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Month: March 2013

The long and dusty middle

Middles are hard.
Not body middles, not mine anyway. I had a baby and it went all mushy. No sign of muscle tone anywhere. Beckham’s looks hard, but his brain’s mushy. But, as they say, I digress. The middle of stories I mean. Writing the middle of a novel is much more hard work than writing the beginning and I suspect, if you ever get there, it gets easier again at the end.
You know the part in those old Western films where the wagons roll to the top of a ridge and stretched out before them is Death Valley, miles and miles of dry sand and rock. That’s the middle. No end in sight, no guarantee that they will reach the other side, no water, bad men in black hats. That’s the middle. An endless slog that will test them to the limit, so far that some will never make it. Yep, the middle.
I think it’s different when you’re reading. Stuff happens in the middle that you want to know about – assuming the beginning has been good enough to get you there. The trouble is when you’re writing, when I’m writing (note the inappropriate use of the second person there, this could be a personal thing, me alone, with my own personal problem with middles, rather than a universal shared problem), is that you/I know what is going to happen in the middle. All that’s left to do is write it. And I’m a completer finisher and in a novel the middle is a long, long way from the finish.
‘Skip to the end’ someone said. I can’t do that! The story must unroll in my mind. I have to go with the ups and downs. I can write notes for future scenes, but I, personally, have to write it as it happens. Plus, when I do get to the end, I need to know that it’s the end, of the first draft at least.
So, here I am, pushing on word by word, slow chapter by slow chapter, with more perspiration than inspiration, painfully through the middle. Wish me luck.

A kick up the whatsit from Transworld and Cath Staincliffe

Last night I was lucky enough to attend a Transworld event marking the launch of Cath Staincliffe’s new Scott & Bailey novel ‘Bleed Like Me’. It was a great opportunity to meet the real people who work in publishing and discover that they are not the money-obsessed naysayers nascent writers, like myself, fear exist only to shatter our dreams. They were really rather nice. Furthermore they were genuinely passionate about books and writing and loving every minute of making dreams fly for both writers and readers.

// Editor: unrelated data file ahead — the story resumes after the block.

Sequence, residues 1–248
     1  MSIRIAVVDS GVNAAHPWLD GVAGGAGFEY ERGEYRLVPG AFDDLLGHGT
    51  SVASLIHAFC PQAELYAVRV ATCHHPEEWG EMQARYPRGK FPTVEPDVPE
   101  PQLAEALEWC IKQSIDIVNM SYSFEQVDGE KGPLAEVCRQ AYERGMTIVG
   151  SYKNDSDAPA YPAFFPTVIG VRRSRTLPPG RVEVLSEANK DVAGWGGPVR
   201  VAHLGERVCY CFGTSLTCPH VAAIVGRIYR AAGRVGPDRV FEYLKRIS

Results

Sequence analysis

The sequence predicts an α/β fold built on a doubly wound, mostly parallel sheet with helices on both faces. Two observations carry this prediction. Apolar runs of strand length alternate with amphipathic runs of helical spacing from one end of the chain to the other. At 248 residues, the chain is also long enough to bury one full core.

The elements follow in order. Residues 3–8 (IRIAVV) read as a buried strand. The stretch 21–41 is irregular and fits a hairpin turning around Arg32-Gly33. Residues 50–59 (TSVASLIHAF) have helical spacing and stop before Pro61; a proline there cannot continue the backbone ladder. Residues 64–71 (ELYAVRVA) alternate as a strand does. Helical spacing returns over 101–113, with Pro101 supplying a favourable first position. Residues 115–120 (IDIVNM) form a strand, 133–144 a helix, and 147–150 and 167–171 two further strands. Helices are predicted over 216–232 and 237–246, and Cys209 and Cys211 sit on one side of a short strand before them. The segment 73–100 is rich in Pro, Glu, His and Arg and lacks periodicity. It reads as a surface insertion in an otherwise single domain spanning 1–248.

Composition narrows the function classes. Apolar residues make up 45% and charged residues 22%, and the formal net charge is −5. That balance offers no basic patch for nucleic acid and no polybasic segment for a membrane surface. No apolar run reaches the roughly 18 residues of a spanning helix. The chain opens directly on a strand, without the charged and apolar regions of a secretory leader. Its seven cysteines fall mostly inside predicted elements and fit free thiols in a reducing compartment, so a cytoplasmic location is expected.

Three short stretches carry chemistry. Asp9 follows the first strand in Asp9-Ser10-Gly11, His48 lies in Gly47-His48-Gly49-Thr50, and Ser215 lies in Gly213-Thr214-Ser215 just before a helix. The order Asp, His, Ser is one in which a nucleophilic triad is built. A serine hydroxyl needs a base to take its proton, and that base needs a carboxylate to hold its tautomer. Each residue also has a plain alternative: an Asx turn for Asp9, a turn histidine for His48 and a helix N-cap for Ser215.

Cath Staincliffe was there to talk about her writing process and career, and specifically about the Scott & Bailey novels. I had been avoiding the books because I assumed that they were re-tellings of the TV series plots. Not so, the first is a prequel to the series and ‘Bleed Like Me’, and the future titles, slot in between the stories told on TV. So, another couple of books to add to the to-read pile.

However, despite having a signed copy of the book in my paws, thanks to last night, I won’t be reading it right away. I’m sure this wasn’t the intention of last night (sorry lovely people), but what I took away with me was the determination to get on with my writing. Cath is an inspiration. Her output is phenomenal and her publishers clearly love her for her professionalism – because that’s what she is a professional who is bloody good at what she does.

I’ve written commercially for years – mastered the structure, written properly formed sentences and paragraphs, targeted to my audience and finished on deadline. So why am I being so airy fairy and insecure about my creative writing? I might not be Cath Staincliffe but I’ll never get anywhere if I don’t get what’s in my head down on paper.

So, thanks Cath for being so gracious and for the book. Thanks Transworld for the meal, the wine, the chat and the murderous cup cakes. I hope you will forgive me if I don’t read the books just yet. I have a few thousand words to write first.